Non-Fiction to go

August 1, 2000


There are 6,000-year-old rock carvings on the shores of Russia’s White Sea that depict beluga whales and their hunters. Although they may not be as numerous as they once were, belugas continue to congregate on the islands in the White Sea today, and are still attracting human attention.

A small group of researchers are trying to ‘make contact’ with these remaining whales for a study (undertaken by the Russian Academy of Science) that will help explain whale communication and intelligence. The production will travel from the Eastern Canadian Arctic to Northwest Russia to explore the world of the beluga whale, allowing modern science to tackle the mysteries of a species that has lived alongside man since the beginnings of recorded history.

Beluga Speaking Across Time is a one-hour doc being undertaken by Canaz Corporation in Toronto and coproducers Matila & Rohr Productions Oy of Finland. Principal photography began last June, with the film set to wrap early in 2001. The hour-long project is being distributed by Film Option International in Montreal. So far, the production has attracted the participation of the Canadian Broadcasting Corporation, TV5, Access/ Canadian Learning Television, SCN (all of Canada) and YLE in Finland. The budget for the film is about US$640,000.

Keeping Up With the Dolphins

It is a rare event in natural history docs when filmmakers get to track individual animals over an extended period – especially two decades. For starters, only a handful of animals actually live that long in the wild, and the rest usually don’t leave forwarding addresses.

But this is precisely what California-based Hardy Jones is doing with Caribbean dolphins in Twenty Years with the Dolphins. ‘We’re revisiting a population of dolphins in the Bahamas which I first encountered in the late ’70s,’ he says. ‘We’ll be filming some dolphins that I filmed a decade or more earlier. One of them was only a calf in ’79. Some of these dolphins have become very habituated to people and have become a major tourist attraction and source of income for local dive tour operators.’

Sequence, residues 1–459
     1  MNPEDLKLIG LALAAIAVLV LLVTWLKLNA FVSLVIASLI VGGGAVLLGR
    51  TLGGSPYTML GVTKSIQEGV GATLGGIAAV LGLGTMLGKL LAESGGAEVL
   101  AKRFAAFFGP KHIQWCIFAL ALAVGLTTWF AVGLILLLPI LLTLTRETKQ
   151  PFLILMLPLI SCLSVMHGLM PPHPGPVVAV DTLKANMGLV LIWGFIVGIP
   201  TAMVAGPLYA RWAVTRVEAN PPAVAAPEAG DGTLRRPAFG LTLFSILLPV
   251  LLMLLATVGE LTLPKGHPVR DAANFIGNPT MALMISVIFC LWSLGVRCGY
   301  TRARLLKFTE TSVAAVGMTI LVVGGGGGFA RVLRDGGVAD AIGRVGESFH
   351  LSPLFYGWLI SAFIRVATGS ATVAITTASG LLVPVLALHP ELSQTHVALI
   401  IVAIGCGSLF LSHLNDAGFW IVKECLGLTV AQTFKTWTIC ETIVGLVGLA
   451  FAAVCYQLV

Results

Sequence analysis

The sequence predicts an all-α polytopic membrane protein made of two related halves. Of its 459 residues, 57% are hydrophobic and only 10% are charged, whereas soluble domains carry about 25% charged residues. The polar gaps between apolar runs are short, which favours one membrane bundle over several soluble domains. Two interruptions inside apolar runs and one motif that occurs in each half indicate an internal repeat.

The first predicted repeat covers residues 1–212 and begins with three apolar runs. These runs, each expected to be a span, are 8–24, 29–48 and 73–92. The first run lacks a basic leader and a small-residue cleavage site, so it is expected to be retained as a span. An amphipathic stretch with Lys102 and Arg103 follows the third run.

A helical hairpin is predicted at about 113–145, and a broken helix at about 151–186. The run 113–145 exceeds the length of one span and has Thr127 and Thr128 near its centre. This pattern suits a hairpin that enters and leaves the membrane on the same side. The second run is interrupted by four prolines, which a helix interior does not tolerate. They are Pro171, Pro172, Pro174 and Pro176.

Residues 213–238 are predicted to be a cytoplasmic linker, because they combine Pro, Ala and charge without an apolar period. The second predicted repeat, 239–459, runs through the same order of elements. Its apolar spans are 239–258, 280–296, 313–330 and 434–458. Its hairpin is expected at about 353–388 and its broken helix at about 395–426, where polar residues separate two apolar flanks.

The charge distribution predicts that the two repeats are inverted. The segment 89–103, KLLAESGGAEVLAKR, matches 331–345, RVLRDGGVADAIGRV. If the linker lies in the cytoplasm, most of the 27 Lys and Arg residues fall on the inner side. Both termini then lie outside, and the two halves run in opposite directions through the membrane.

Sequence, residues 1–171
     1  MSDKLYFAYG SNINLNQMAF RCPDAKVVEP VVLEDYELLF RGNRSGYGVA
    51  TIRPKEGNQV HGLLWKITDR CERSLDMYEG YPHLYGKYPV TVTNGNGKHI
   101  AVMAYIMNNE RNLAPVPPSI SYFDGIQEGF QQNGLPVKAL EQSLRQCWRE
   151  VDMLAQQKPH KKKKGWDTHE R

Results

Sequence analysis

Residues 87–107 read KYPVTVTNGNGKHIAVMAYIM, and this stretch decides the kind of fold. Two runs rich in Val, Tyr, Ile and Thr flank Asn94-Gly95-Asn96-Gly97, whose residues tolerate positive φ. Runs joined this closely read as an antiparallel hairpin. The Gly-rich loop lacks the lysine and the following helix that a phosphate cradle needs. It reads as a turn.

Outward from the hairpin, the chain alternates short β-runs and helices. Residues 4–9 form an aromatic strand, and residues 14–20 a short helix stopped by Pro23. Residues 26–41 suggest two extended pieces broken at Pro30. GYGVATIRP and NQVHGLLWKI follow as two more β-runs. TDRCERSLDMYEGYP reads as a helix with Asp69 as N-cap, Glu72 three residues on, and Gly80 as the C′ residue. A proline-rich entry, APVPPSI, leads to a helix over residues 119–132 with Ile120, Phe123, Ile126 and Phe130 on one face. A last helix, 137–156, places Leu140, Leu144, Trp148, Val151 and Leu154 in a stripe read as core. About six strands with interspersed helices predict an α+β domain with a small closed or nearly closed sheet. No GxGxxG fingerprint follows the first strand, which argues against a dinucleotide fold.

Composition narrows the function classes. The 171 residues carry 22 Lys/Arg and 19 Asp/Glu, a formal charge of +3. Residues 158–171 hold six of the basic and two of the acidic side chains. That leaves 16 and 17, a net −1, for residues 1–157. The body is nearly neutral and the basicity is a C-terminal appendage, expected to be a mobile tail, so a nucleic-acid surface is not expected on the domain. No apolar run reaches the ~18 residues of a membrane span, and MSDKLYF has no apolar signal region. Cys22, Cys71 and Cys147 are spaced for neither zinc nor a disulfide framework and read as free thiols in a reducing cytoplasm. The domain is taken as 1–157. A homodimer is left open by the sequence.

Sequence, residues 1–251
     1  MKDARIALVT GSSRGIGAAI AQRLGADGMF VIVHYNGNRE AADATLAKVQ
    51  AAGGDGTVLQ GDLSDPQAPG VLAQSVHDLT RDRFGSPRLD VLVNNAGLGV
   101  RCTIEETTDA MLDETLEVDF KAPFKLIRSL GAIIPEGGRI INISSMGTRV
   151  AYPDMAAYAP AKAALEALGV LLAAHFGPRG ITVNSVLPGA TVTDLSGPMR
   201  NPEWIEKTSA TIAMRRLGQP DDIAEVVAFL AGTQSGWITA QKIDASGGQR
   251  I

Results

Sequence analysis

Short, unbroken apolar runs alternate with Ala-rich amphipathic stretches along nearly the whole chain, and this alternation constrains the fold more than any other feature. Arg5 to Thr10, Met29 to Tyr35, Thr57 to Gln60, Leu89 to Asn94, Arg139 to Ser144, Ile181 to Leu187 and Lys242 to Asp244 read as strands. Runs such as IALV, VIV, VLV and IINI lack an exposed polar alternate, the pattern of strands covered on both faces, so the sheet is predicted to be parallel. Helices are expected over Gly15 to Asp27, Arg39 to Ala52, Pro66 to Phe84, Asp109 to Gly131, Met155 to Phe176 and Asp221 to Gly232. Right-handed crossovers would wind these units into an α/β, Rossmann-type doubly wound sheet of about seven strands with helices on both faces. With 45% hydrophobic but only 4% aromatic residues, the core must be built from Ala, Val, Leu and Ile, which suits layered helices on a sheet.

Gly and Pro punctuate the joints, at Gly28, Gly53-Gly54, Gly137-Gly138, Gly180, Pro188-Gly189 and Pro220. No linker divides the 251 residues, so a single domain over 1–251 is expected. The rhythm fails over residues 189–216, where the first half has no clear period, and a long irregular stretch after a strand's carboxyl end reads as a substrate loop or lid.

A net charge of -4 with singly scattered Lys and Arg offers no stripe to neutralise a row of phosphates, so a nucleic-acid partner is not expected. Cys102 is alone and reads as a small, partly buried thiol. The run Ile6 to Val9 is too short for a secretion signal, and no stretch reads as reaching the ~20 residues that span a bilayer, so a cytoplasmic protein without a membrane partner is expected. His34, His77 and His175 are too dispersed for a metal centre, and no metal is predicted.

Since his initial contact with these friendly Bahamian dolphins, Jones has made numerous return trips, but none in the past decade or so. During the interim, some of the dolphins he filmed earlier have relocated to other venues. ‘Some individuals have moved from the north ridge to the south ridge and vice versa. Some have changed groups a few times and even gone back to groups they’d left. It’s a fascinating story about the complex social life of a population of dolphins, and how they’ve adapted to a changing world.’

Twenty Years with the Dolphins is a one-hour doc and will rely heavily on Jones’ 16mm archival footage, but will include plenty of new footage shot on Super 16. It should be completed by late fall and will be available at MIPTV.

It is being coproduced with and distributed by HIT Entertainment in London, and is budgeted at between US$350,000 and $400,000. Carl Mrozek

I don’t mean to bug you

Oxfordshire-based Oxford Scientific Films and Survival Anglia have started work on a US$1.6 million series for TLC in the U.S. and Channel 4 in the U.K. The 3 x 1-hour series is tentatively dubbed BugWorld, and is set for a December 2001 delivery. Production got rolling last July.

BugWorld promises an introduction to a host of insects that ‘infest our lives.’ The series will feature real-life accounts from scientists, historians and victims. It will also offer a ‘bug’s eye view’ through the use of macroscopic photography and post techniques – including the moth’s ‘suicidal view of a candle.’ Among the included pests will rank: beetles, spiders, cockroaches, flies, grasshoppers and the humble but annoying ant.

Whither lion?

Looking for the whole story? The Talking Picture Company and Off the Fence Productions of Amsterdam are hoping to provide it. A 13 x 30-minute guide to African creatures (both great and small), The Whole Story hopes to tell the complete tale of animals we thought we knew. Each episode will cover a different species or family, and will investigate all aspects of their behavior, from what they eat to how they communicate with each other. The series should be wrapped by March of next year, and comes in at about US$160,000 per episode. Discovery Europe and Discovery Networks International are the broadcasters involved.

When good pachyderms go bad

Norwich-based Imago Productions has a number of irons in the fire for the upcoming year.